American Fiction Is American Reality

American Fiction

Directed and written by Cord Jefferson ◆ Produced by 3 Arts Entertainment, MRC Film, Percival Everett, et al. ◆ Distributed by Amazon MGM

Tyranny cannot withstand ridicule. Our minders in the woke administrative-managerial caste know that all too well and, keenly aware of the power of culture, try hard to suppress mockery of their status quo. Just ask Star Wars actress Gina Carano, who was fired by Disney in 2021 for making fun of transgender ideology on her personal Twitter account. 

Wokesters are notoriously sour on humor, which requires more abstraction, critical thought, and levity than they cope with or tolerate in others. But, occasionally, a sprout of satire can penetrate the thick permafrost they have imposed on our cultural landscape. Cord Jefferson’s American Fiction is a fine new addition to that genre.

The film’s origins go back more than 20 years, to the black writer Percival Everett’s novel Erasure, which features an upper-middle class black writer, Thelonius “Monk” Ellison, as the protagonist. Monk’s books are judged “not black enough” for the sensibilities of the progressive and almost uniformly white literary establishment. At a crucial inflection point, his agent tells him that they compare poorly to a new book by a younger black writer, agonizingly titled We’s Lives in Da Ghetto, whose indulgence in crude racial stereotypes and clichéd tropes of underclass black life wins gratuitous plaudits from white tastemakers for its supposed “authenticity.”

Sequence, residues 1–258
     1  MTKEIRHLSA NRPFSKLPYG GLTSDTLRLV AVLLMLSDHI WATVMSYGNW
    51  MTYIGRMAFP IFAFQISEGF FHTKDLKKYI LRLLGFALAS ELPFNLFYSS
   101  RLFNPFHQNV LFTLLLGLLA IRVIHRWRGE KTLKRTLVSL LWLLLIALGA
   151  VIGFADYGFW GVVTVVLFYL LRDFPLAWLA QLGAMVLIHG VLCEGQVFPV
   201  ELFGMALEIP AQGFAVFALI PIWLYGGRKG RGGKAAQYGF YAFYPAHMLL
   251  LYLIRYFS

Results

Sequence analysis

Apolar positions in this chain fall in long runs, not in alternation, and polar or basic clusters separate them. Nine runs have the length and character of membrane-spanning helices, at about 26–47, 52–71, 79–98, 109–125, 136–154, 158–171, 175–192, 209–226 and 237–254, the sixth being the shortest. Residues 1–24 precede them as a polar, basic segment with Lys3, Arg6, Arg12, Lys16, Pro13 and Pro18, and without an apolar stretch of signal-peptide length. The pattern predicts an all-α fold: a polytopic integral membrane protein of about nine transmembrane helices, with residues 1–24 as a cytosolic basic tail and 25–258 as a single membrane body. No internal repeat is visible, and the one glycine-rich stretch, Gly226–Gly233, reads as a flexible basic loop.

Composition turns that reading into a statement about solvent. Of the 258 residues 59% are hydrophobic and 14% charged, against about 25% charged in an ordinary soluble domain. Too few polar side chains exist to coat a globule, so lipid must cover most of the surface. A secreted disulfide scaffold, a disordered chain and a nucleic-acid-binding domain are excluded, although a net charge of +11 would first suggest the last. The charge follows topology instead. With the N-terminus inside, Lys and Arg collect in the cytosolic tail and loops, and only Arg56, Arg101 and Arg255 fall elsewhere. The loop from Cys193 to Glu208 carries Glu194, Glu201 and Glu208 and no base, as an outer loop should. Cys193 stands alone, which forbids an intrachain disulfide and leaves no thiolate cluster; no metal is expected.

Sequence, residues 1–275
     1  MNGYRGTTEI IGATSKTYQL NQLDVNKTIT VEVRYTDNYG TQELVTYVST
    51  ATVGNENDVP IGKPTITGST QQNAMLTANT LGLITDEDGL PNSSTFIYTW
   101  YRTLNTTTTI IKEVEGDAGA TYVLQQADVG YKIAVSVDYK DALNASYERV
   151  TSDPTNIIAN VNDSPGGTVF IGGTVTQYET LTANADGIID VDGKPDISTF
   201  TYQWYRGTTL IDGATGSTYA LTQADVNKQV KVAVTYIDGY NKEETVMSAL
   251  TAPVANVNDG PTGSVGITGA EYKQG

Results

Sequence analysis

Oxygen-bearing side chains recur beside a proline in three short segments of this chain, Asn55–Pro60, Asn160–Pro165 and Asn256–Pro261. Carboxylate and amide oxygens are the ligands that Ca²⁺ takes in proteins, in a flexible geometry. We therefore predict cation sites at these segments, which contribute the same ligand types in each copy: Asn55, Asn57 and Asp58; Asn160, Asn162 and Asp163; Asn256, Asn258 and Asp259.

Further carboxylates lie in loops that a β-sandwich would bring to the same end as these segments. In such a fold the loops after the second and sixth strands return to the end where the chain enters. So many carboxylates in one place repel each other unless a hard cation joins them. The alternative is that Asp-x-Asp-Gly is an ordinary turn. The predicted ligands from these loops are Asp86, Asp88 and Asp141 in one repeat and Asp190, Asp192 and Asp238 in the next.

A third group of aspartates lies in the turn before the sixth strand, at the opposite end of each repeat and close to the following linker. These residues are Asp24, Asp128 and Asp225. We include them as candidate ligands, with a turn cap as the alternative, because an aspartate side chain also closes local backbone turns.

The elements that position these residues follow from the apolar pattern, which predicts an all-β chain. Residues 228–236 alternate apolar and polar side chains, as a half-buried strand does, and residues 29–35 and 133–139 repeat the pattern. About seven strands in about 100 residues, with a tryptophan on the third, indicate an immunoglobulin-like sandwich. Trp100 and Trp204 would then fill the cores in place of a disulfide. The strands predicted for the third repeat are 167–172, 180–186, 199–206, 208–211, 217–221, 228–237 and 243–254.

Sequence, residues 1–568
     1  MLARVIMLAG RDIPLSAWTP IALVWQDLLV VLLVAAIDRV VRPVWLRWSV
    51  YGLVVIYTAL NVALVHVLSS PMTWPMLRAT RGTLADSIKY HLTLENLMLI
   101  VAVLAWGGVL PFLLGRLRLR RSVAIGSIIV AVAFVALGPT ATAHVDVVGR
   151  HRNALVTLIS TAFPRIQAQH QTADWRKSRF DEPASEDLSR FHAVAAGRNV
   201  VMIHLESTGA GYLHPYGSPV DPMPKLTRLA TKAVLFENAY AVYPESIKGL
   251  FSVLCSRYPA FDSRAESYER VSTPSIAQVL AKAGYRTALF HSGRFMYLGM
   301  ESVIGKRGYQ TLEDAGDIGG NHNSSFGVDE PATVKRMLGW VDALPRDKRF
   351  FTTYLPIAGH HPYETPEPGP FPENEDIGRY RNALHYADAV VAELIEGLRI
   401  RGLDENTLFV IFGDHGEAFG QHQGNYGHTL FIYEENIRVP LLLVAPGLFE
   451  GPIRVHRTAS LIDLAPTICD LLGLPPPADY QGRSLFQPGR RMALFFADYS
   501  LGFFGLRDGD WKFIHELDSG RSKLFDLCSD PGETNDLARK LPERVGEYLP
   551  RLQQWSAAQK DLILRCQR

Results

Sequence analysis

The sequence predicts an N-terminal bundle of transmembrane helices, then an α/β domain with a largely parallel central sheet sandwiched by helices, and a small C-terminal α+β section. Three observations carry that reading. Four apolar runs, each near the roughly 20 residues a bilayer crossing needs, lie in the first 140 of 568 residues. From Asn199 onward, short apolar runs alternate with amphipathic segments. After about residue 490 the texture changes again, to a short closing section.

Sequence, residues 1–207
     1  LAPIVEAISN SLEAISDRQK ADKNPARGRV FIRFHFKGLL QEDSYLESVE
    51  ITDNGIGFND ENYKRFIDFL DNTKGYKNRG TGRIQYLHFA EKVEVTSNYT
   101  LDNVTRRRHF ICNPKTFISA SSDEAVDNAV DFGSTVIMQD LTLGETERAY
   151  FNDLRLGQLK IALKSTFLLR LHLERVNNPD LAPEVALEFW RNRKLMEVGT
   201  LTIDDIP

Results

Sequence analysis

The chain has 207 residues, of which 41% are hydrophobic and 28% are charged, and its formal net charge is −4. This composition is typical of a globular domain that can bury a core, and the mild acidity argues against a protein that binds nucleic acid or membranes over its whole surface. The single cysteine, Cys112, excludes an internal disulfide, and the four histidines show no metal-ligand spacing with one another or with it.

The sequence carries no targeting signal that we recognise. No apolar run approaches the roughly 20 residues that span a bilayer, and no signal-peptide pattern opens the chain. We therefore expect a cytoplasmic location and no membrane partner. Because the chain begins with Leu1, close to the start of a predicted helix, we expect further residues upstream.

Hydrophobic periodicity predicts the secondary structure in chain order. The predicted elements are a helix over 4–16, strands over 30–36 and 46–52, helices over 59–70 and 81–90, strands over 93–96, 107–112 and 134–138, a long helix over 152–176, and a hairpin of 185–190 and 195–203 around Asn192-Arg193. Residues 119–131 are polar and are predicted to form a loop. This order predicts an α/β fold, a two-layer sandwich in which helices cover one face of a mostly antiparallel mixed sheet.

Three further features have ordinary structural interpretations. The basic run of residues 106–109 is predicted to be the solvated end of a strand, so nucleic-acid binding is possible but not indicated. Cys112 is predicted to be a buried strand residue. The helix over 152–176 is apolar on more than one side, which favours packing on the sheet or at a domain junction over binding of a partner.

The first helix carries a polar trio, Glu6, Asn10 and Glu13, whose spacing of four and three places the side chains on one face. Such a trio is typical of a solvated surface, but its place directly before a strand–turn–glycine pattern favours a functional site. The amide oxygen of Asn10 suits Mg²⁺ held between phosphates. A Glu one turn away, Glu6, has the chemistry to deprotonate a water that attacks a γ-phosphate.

American Fiction, Jeffrey Wright, satire, race, blackness, authentic black, Cord Jefferson

Thoroughly frustrated, Monk abandons his style, which is steeped in the tradition of the Western literary canon, to write a book satirizing the younger writer’s work. First titled My Pafology and later simply F***, the novel within Everett’s novel abounds with crime, drugs, vulgarity, and sexual license, all told in exaggerated black slang and peppered with phonetic misspellings. Despite Monk’s satirical intent, his novel proves a smashing success and wins a huge advance, enormous popular sales, a lucrative movie deal, and a major literary award. Trapped in his own charade, Monk is forced to abandon his urbane persona and act like the “authentic” black man—an unstable, urban criminal outcast—that the shallow white literary world expects him to be.

Erasure, which was published in 2001 by the now-defunct University Press of New England, is the product of a different and, in retrospect, simpler era. It predated not only George Floyd and the convulsive racial reckoning that resulted from his killing, but also the hopes and disappointments that swirled around Barack Obama, the progressive takeover of most of our institutions, the mainstreaming of cancel culture, and the pervasive intrusion of identity politics throughout national life under the Marxist-infused banner of diversity, equity, and inclusion.